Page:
New laboratory diamonds from Lightbox, trademark of De Beers. But what if it’s a strange idea? ♦
Are synthetic diamonds, from a chemical point of view indistinguishable from natural ones, the future of jewelry? Opinions are divided. However, it is possible to reflect on what is happening. As we have already reported on gioiellis.com, the largest diamond trading company, De Beers, has decided to sell laboratory-created diamonds, that is synthetic. Thanks to a very substantial investment he therefore started producing and marketing non-natural stones.
The result is called Lightbox, a brand that in some countries, like Great Britain and the United States, has begun to make its way on the jewelry market. The diamonds are very similar to the natural ones, they are offered with different cuts (the last proposal is of cushion-cut stones) and also in color. And while a natural pink diamond could cost thousands to millions of dollars, Lightbox’s synthetic diamonds are sold for a few hundred euros. A bracelet with a pink diamond, for example, is sold in the US for 600 euros. More generally, these diamonds are sold for $ 800 per carat. An incredibly low price even for artificial diamond standards. Also because the stones are often mounted on silver and not on gold, to keep the price low.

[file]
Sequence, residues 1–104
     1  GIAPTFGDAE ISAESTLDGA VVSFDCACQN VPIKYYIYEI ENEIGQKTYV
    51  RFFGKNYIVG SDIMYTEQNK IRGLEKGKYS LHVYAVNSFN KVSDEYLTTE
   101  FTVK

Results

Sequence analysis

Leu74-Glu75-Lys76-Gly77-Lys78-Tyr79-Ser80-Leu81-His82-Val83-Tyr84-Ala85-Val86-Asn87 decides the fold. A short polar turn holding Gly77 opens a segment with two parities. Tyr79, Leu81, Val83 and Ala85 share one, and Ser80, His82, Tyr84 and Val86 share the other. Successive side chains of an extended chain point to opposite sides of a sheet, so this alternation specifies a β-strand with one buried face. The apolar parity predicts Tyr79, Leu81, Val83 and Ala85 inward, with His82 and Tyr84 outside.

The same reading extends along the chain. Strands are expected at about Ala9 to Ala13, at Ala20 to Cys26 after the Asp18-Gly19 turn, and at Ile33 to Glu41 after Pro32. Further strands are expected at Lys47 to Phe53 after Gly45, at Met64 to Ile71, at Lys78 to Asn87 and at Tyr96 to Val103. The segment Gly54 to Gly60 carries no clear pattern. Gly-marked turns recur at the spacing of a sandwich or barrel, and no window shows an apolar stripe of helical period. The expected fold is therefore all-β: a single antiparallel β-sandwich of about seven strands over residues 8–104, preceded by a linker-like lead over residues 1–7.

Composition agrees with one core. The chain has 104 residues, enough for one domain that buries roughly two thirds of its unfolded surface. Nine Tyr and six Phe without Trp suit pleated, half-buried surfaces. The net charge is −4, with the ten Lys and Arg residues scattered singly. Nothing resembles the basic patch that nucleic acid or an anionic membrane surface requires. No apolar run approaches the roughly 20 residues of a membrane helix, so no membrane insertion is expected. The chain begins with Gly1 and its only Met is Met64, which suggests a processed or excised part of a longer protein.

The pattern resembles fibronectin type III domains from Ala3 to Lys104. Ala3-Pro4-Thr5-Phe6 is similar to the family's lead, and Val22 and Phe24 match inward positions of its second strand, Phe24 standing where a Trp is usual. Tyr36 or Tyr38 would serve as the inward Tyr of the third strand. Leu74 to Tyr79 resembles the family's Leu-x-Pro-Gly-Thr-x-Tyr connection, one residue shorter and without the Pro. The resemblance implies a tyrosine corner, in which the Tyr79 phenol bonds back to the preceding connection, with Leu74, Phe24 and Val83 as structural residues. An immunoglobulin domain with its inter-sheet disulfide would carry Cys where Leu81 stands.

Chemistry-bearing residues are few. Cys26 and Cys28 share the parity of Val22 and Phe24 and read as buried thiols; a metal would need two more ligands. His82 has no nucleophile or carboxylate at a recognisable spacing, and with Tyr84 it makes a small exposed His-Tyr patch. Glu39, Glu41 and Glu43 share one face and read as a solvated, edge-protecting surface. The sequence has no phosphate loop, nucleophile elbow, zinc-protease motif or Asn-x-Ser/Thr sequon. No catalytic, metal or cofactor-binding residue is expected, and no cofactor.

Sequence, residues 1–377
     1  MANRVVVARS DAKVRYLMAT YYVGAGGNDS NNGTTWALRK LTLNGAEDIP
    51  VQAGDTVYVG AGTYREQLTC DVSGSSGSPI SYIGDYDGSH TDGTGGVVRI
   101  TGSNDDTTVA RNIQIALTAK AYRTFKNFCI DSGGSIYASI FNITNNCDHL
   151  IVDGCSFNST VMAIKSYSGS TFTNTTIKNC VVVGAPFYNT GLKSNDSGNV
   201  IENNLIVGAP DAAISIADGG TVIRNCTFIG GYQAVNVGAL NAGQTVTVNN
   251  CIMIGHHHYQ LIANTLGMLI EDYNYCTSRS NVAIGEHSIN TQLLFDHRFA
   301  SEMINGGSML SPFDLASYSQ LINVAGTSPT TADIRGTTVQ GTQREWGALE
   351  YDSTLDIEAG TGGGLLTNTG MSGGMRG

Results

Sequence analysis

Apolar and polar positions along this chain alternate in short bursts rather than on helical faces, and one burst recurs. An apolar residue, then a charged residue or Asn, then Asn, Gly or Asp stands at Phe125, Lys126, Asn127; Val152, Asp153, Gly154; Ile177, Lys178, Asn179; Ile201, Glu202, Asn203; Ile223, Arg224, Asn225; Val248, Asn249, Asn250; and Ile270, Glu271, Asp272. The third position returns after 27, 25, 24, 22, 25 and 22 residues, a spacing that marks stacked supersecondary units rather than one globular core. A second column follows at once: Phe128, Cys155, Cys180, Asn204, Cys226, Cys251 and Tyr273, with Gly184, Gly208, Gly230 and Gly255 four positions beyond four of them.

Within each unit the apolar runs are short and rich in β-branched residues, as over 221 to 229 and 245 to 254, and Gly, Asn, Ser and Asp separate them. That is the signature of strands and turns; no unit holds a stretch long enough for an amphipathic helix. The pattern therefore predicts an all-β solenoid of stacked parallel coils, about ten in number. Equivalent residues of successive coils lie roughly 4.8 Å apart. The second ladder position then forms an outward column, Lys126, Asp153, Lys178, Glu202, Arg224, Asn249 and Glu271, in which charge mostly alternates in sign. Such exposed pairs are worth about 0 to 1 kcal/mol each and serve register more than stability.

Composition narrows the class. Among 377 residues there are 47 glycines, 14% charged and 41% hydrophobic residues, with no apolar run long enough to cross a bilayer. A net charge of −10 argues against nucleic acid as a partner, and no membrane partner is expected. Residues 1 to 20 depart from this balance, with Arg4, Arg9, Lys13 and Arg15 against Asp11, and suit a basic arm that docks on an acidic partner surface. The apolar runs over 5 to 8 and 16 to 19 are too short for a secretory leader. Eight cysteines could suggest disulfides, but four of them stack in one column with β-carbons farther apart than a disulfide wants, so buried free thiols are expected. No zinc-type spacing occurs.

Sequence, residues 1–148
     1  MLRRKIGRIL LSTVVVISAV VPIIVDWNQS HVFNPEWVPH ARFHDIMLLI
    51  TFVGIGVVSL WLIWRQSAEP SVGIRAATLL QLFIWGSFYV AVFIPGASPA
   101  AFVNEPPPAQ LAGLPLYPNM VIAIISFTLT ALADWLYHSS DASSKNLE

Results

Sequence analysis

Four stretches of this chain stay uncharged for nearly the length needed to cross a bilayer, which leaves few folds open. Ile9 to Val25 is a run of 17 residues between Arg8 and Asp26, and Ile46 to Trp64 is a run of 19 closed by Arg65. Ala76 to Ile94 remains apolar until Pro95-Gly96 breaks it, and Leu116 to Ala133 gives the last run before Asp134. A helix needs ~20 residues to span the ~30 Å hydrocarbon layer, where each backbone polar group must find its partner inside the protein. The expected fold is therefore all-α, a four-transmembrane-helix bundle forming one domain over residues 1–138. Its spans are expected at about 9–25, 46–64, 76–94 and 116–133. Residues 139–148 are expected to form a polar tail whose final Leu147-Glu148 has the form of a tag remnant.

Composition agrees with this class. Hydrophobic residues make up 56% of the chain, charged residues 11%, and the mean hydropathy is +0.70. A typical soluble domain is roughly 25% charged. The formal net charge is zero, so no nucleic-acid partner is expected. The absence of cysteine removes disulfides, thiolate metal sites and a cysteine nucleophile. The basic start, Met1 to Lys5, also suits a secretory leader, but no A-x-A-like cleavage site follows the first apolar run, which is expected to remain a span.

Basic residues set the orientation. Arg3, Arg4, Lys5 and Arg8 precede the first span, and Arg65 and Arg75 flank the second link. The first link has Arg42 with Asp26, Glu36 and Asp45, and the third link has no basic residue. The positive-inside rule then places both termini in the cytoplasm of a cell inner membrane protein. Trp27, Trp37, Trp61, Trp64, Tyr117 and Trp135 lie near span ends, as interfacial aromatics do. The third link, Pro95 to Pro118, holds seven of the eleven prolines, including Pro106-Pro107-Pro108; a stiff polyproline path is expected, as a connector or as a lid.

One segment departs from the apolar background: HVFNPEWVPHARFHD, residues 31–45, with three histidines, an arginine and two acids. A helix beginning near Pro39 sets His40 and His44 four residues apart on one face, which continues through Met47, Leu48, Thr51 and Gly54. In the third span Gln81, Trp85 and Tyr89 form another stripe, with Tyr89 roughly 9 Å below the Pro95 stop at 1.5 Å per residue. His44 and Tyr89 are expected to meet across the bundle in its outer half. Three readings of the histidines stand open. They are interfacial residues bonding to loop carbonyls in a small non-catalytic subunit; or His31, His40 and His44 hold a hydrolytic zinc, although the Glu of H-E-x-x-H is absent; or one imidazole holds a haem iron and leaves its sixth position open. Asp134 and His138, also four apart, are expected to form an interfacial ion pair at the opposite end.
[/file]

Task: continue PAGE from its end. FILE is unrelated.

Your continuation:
With the premise that no one will ever be able to distinguish a natural diamond from an artificial one, except with a complicated gemological laboratory test, it is not surprising that Lightbox can succeed.
But is it a success even for those who sell jewelry? According to an analysis by the USA monthly Forbes, it could be a sensational own-goal. Especially if the artificial diamonds like those of Lightbox will be sold in jewelry and not only on online sites. According to De Beers, Lightboxes at low prices turn to the fashion accessories sector and not to the jewelery world. The data quoted by the American newspaper, however, cast doubt on this statement.
In October, De Beers announced a decline in diamond sales of 39% compared to the quarter, and 44% compared to a year ago. The company has indicated the uncertain global economy and tensions in Hong Kong as a cause. Yet brands like Bulgari have not encountered the same problems. On the contrary, the jewelry of the LVMH group sold more. In short, selling diamonds created in the laboratory may have been an unbrilliant move.